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35

Looking Back, Looking Forward

June 16, 2009, 12:00 am
By

Over the past several weeks, I took a break from reading online stories about the death of newspapers and got my hands dirty—newsprint dirty. I’ve been spending a lot of time in the Reporter’s basement, where we archive all the issues of the paper published since it began in 1974.

The basement isn’t just filled with old newspapers—it also has numerous binders of photo negatives and filing cabinets filled with government documents, press releases and random pieces of paper some paper saver (ahem) couldn’t bear to throw away (I actually spotted my folder-filled filing cabinet, circa 1998, while I was down there…I’d been wondering where it had gotten to).

When we started working on the Reporter’s 35th anniversary issue, the notion of looking through 35 years worth of papers seemed daunting and possibly overkill. But once I started, it was hard to stop reading. Through all its various incarnations, the Reporter has always been an active voice and investigator of the contemporary issues that have defined Santa Fe—from politics to water to development to prison reform to the arts—and the list goes on.

What really struck me, though, was how present the personality of Santa Fe has been in the pages of this paper over the years. So it seemed fitting that our anniversary issue solicit views on the last 3½ decades from the people who call this city home and have helped shape its identity. In the following pages, State Historian Estevan Rael-Gálvez, Mayor David Coss, writer George Johnson, gallery owner Linda Durham and literary maven Ellen Bradbury Reid answer the question I posed to them: “What was the most important thing to happen in Santa Fe over the last 35 years?”

I posed that same question in an online survey (something that couldn’t have been done back in 1974) and received a flood of responses from Santa Feans from all corners of our community. Some of their answers also are included in this issue, as are their online responses to the gambit to envision what Santa Fe will be like 35 years from now.

Santa Fe in 2044 garnered a variety of ideas, from the utopian to the apocalyptic (graphically illustrated by local talent Danny Green). Either way, I hope—and believe—the Reporter will be part of the mix—newsprint or not.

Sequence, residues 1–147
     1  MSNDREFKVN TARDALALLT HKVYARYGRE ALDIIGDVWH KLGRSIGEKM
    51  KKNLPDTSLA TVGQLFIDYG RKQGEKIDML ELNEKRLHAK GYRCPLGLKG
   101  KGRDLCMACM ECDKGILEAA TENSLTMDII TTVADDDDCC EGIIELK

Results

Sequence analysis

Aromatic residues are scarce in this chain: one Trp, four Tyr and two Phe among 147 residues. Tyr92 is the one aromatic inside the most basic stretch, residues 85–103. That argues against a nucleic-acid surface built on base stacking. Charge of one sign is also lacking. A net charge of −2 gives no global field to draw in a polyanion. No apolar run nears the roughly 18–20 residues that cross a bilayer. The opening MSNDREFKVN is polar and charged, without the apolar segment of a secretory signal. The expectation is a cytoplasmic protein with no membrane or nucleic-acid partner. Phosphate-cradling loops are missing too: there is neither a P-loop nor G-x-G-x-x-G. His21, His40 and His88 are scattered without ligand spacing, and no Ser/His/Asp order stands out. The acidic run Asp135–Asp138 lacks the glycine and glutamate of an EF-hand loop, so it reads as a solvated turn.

—Julia Goldberg, Editor

Slideshow of select covers through the past 35 years



What’s the most important thing to happen in Santa Fe in the last 35 years?

Reflections
By Estevan Rael-Gálvez
New Mexico State Historian

As the State Historian of New Mexico, I appreciate this opportunity to help celebrate the Santa Fe Reporter’s anniversary and, in doing so, reflect about the past 35 years. History is not static; it is instead a vibrant process and, between 1974 and 2009, countless events have occurred, all of which have shaped Santa Fe in both small and large ways. Even in these contemporary years, Santa Fe continues to be profoundly shaped by ancient and deeply traditional communities, and their histories and experiences, and yet Santa Fe also shapes and is shaped by regional, national and global events and politics.

Presidential politics in the past 35 years help us to reflect on the two poles in this chronology. On the one end, in 1974, the Watergate scandal resulted in President Nixon resigning from the Office of the President. At the other end, in 2009, President Barack Obama is elected the first African American President of the United States. The presence of New Mexico’s own Gov. Bill Richardson in this historical presidential race also shifted the political paradigm, and raised the spotlight and visibility of New Mexico to an entirely new standard.

Although shaped by the nation and the globe, politics is also always local and pivotal moments define it in time. The 1994 election of Mayor Debbie Jaramillo as the first woman mayor of the City of Santa Fe, stands out as an important moment in history. While the administration of Mayor Debbie Jaramillo was certainly defined by controversy and deeply divided politics, where gender, class and race all held meaning, her contributions are often overlooked. That we can now enjoy the benefits of the Railyard District is due in large part to a vision and goal initiated by Mayor Jaramillo.

The 1980 Prison Riot also stands out during this era, not only as one of the most difficult moments in New Mexican history, but as one of the deadliest prison riots in US history. In the 36 hours that defined that riot, 12 officers were held hostage, some of them beaten, stabbed and sodomized. Thirty-three inmates died at the hands of fellow prisoners, some of the victims were tortured and their bodies mutilated. At least 90 other inmates were seriously injured in the riot, suffering from drug overdoses or beatings, stabbings and rapes inflicted by other convicts. The results and lessons of this riot were not just local, but had an effect upon prison reform nationally.